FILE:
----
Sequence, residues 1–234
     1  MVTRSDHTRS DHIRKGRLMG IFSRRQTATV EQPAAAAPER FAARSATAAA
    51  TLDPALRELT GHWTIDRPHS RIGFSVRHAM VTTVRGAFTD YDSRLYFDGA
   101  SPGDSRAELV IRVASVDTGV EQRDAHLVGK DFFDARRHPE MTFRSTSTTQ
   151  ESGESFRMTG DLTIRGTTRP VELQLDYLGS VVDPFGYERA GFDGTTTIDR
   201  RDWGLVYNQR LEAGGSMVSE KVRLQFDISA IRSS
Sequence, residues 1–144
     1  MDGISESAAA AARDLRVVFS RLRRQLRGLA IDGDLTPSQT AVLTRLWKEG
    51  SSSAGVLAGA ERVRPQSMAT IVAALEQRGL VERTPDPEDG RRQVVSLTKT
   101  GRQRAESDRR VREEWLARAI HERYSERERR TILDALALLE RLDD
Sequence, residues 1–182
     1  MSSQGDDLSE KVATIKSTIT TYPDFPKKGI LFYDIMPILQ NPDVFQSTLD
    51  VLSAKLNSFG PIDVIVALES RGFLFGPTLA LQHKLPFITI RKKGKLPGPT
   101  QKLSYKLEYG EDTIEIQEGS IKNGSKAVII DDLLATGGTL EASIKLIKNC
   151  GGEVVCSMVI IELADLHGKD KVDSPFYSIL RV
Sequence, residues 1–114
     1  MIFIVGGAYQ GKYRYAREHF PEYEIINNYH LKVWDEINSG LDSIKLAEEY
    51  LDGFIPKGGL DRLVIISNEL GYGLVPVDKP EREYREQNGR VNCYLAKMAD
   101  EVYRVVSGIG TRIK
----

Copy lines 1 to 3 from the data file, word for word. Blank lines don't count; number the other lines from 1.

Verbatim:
Sequence, residues 1–234
     1  MVTRSDHTRS DHIRKGRLMG IFSRRQTATV EQPAAAAPER FAARSATAAA
    51  TLDPALRELT GHWTIDRPHS RIGFSVRHAM VTTVRGAFTD YDSRLYFDGA